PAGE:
Do you have any preference about pushing?Surprisingly, you have a lot of options when it comes to pushing. Some women want to stay off their back. Others want a lot of verbal guidance, others want no counting. I’ve even had dads request to be the one to catch the baby. Make sure to ask about how hands-on your care provider is during the pushing stage. Some doctors will spend quite a bit of time with their fingers inside you while you push so they can feel exactly how much baby is moving, while others will remain completely hands off. Make sure that if you have preferences about this, you talk about it extensively before. It’s your body, and you have a big say in this.
What do you want the first hour after birth?The first hour after birth is called the golden hour. Ideally, you and baby shouldn’t be separated assuming everyone is healthy. Do you want skin to skin time, are you okay with baby being taken to a heater early on? Will they wait at least an hour to do any newborn shots? Which shots do you want or not want? Are you doing anything with the placenta? Having these questions answered in advance or easily referenced will give you freedom to bond with your baby and not be answering tons of questions when you are first meeting each other.
What is important to you about newborn care?This is a great place to note if you are bottle feeding or breastfeeding. And if there is anything unique you want help with when taking care of your baby. If you need help with anything post baby, this is a great place to ask. Can you show me how to swaddle? Do you want oil on baby’s butt to make the first poop easier to get off? Do you need help learning how to change a diaper? If so, just note it here so you don’t forget to ask and your nurse remembers to help!
Should You Have A Birth Plan If You Are Planning A C-section?
A scheduled c-section is usually a pretty straightforward surgery. But, do you need a birth plan? You can absolutely make one if you want. When you give birth by surgery, you still have a few options.
You may be able to make a few simple requests, such as having your baby brought to you immediately after birth, asking for support with breastfeeding and potentially having a clear drape so you can see your baby as soon as they are born.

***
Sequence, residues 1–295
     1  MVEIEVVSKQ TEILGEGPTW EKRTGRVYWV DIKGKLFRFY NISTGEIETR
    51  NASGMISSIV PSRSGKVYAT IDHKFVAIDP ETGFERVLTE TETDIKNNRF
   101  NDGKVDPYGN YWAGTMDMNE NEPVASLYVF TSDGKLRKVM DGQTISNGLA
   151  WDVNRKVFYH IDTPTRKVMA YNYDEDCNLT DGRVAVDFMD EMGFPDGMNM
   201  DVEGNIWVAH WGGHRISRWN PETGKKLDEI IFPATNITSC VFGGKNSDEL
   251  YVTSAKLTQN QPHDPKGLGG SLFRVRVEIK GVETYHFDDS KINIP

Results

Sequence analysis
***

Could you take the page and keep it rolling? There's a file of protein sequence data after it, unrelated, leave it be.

You will also want to let your team know what care you want for your baby. Depending on the reasons for having a scheduled c-section, you may want to discuss what options are available to you and your baby before, during and after surgery.
What About An Emergency C-Section If Labor Doesn’t Go According To Plan
Sometimes birth doesn’t go the way we want. Emergency c-sections can happen. If you feel passionate about having a clear drape maybe note that on your original birth plan. In my experience, if you have any desires written out for skin to skin postpartum or help with breastfeeding, those wishes will be honored after the surgery if possible. A simple phrase or two on your birth plan can sum up that you still want as much of your plan as possible, especially after delivery, if you have to have a c-section.
How Do I Write A Birth Plan?
Once you know what you want, a birth plan can be summed up pretty quickly in one page. I know it seems like there are a lot of options, but midwives, doctors and nurses have worked with thousands of moms. If you sum up what you want, they will know what it means.
And don’t worry, if you feel overwhelmed with all of these options, I’ve got you covered. I made you a simple 5 day challenge called Make A Birth Plan That Works. Inside you will find done for you and editable birth plan templates plus tips on making birth plans of all kinds work.
It also teaches you the most common reasons birth plans go sideways and how to make sure that your team is supportive of your plan.
Are you ready to get your birth plan checked off your list? Let’s do it together. Join the challenge today!
ABOUT THE AUTHOR
Suzzie Vehrs is a mama of two vibrant and growing kids. As a certified doula she loves helping moms know how to prepare for birth and create beautiful beginnings. Her goal is to help moms dream about, align with and experience a healthy, happy birth.